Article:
As previously stated, Windows Embedded Compact 7 comes with quite a lot of improvements with regards to Silverlight for Windows Embedded (SWE): SWE is now based on Silverlight 3 and the new Windows Embedded Silverlight Tools (WEST) generate most of the glue code so you don’t have to write the glue code manually any more!
Now let’s focus on our first, simple SWE application for Windows Embedded Compact 7. Let’s begin with the installation: make sure you install Expression Blend 3 prior to Windows Embedded Compact 7 to ensure that the new SWE template will be added to Expression Blend 3. Otherwise you need to reinstall the WEST tools manually after installing Expression Blend 3.
Create an Expression Blend 3 SWE project:
1. Open Expression Blend 3.
2. In Expression Blend 3 click on New Project…
3. In the New Project Dialog select Silverlight for Windows Embedded Application, set the Name to SWEApp, set the Location to C:\Expression\Blend3\Projects\ careful here as this path needs to be WITHOUT spaces.
Later on we will import the project into Platform Builder. Platform Builder cannot handle spaces in the path.
The only option in the Language field is Visual C#. The WEST will convert the C# code to C++ code upon importing the project into Platform Builder.
4. Click OK to create the new project.
5. On the left, double click the Button control to add a default sized button. On the right of the MainPage.xaml window, click on the Split button to display the XAML code underneath
6. In the Properties on the top right set the Name of the button to myButton, to be able to address the button in the SWE C++ code later on.
7. Click on the Events icon to the far right of the Name field and add an Event Handler called myClickMe in the Click field. Upon conversion to SWE C++ code this will generate a Click Event Handler which we will populate later.
8. Examine the XAML view to see that we have created a button named myButton with a Click Event Handler called myClickMe.
9. From the Expression Blend 3 menu select File ¦ Save All, afterwards minimize Expression Blend 3.
Create a SWE subproject in Platform Builder
10. Open your previously created Windows Embedded Compact 7 OSDesign supporting SWE (SYSGEN_XAML_RUNTIME set) in Visual Studio 2008 with Platform Builder.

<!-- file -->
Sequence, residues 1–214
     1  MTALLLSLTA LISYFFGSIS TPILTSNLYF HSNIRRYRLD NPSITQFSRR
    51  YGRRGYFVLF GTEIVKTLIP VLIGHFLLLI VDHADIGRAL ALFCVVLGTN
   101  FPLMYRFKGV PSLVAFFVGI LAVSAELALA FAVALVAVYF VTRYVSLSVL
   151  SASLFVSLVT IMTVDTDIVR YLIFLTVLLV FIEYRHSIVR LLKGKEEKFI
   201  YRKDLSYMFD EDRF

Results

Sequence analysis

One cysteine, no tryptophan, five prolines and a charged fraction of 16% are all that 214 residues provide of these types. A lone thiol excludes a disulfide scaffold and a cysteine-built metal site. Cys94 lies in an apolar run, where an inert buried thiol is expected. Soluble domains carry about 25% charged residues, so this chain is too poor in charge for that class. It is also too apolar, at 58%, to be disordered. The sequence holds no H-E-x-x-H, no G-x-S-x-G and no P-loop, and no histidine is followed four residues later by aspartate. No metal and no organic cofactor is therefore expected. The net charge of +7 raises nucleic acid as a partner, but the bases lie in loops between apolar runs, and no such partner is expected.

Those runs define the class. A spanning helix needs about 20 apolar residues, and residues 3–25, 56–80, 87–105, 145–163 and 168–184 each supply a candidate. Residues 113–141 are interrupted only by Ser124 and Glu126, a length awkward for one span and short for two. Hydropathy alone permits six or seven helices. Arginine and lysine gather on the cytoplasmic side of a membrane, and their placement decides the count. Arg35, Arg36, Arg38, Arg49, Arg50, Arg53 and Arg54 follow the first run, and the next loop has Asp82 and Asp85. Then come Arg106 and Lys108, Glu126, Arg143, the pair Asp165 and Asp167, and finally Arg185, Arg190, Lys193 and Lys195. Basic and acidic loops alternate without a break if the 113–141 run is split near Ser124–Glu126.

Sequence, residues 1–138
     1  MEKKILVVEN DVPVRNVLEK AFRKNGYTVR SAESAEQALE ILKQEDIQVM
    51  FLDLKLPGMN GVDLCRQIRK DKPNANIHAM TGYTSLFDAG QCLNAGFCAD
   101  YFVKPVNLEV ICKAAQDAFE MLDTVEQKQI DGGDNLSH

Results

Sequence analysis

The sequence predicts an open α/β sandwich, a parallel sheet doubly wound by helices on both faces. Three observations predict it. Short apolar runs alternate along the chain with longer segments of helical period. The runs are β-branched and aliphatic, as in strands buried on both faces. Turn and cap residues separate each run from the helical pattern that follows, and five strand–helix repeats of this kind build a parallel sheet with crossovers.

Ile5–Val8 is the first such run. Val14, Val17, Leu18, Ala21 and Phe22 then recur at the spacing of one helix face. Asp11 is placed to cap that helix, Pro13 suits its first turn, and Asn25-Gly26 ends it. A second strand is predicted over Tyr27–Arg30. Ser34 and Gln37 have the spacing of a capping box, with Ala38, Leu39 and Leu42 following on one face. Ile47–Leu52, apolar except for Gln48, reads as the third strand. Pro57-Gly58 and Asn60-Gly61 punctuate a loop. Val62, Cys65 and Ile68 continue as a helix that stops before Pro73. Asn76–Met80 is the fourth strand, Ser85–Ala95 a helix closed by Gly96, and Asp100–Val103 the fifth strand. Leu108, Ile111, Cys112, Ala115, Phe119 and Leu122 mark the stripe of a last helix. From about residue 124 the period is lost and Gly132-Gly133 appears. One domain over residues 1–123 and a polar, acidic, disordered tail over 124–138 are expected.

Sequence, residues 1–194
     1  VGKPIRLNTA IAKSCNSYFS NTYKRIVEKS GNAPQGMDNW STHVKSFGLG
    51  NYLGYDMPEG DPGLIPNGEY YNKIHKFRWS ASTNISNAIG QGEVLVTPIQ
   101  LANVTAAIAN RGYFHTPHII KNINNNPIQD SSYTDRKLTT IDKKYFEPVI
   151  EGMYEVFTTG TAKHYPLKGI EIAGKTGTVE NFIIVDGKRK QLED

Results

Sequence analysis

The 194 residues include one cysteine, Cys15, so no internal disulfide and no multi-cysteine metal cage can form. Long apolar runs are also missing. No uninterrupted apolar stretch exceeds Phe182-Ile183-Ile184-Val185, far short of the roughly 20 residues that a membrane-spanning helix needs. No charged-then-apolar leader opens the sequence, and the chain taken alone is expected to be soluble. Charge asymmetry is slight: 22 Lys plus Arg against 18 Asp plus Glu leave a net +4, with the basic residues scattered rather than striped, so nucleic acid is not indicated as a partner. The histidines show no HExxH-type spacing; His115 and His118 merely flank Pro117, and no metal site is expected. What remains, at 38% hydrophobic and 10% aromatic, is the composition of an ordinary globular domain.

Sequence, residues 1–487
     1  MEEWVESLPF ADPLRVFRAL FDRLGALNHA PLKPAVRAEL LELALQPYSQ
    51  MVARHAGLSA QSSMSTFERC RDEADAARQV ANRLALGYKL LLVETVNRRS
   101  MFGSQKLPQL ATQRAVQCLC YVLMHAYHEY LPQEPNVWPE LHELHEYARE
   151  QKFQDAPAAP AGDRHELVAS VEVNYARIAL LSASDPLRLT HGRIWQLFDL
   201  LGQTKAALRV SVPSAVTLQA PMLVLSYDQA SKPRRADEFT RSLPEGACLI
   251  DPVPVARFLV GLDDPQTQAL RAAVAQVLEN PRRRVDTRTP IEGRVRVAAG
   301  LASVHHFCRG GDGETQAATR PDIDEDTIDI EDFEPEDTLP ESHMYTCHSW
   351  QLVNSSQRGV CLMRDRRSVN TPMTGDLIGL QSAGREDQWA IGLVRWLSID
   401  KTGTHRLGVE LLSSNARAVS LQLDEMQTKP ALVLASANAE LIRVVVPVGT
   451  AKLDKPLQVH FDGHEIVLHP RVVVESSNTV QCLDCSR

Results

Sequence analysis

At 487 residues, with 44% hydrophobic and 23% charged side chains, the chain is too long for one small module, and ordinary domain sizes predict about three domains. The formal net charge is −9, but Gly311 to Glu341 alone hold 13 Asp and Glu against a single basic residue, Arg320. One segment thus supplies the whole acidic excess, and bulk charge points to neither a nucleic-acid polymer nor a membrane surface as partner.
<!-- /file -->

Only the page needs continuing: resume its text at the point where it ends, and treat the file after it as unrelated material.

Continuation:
11. With the OSDesign open, click Tools ¦ Windows Embedded Silverlight Tools ¦ Create Platform Builder Subproject.
12. In the wizard that appears, click Next then enter SWEApp in the Name field and D:\SWESubprojects in the Location field as the name and location for our subproject. Click Next.
13. Specify C:\Expression\Blend3\Projects\SWEApp\SWEApp\SWEApp.csproj as the Silverlight project to convert. The wizard automatically recognizes MainPage.xaml. Click Next.
14. Now the WEST tool does its magic! Notice that there were no errors converting our project. Click Finish to end the wizard.
15. Examine the Summary Report which will be opened in Visual Studio 2008.
16. In the Platform Builder Solution Explorer, right-click Subprojects ¦ Add Existing Subproject….
17. Browse to D:\SWESubprojects\SWEApp, select SWEApp.pbpxml. Then click Open.
18. Take a moment to examine the generated code in App.cpp, MainPage.cpp and WinMain.cpp. In Windows Embedded CE 6.0 R3 we would have to write ALL this glue code ourselves!
19. In MainPage.cpp locate the event handler that we have created in Expression Blend 3: MainPage::myClickMe. Add the following code to display a native message box towards the end of the event handler:
// display a native message box
MessageBox(NULL,TEXT("Hello from Silverlight for Windows Embedded!"),
TEXT("SWE Sample"),MB_OK ¦ MB_SETFOREGROUND ¦ MB_TOPMOST);
hr = S_OK;
Save the file.
20. In the Solution Explorer, right-click your OSDesign and select Properties.
21. In the appearing Property Pages dialog box, expand the Configuration Properties on the left, select Subproject Image Settings, double click SWEApp on the right and make sure that Exclude from image and Always build and link as debug are checked. Click Ok on both dialog boxes to accept the changes.
22. Right-click the SWEApp subproject and select build. Notice that our SWEApp built successfully with 0 errors and 0 warnings.
23. Congratulations! We can now start our image and run our SWEApp.
Don't miss fellow MVP Valter Minute's series of SWE tutorials for Windows Embedded CE 6.0 R3 on his Blog.
2 weeks ago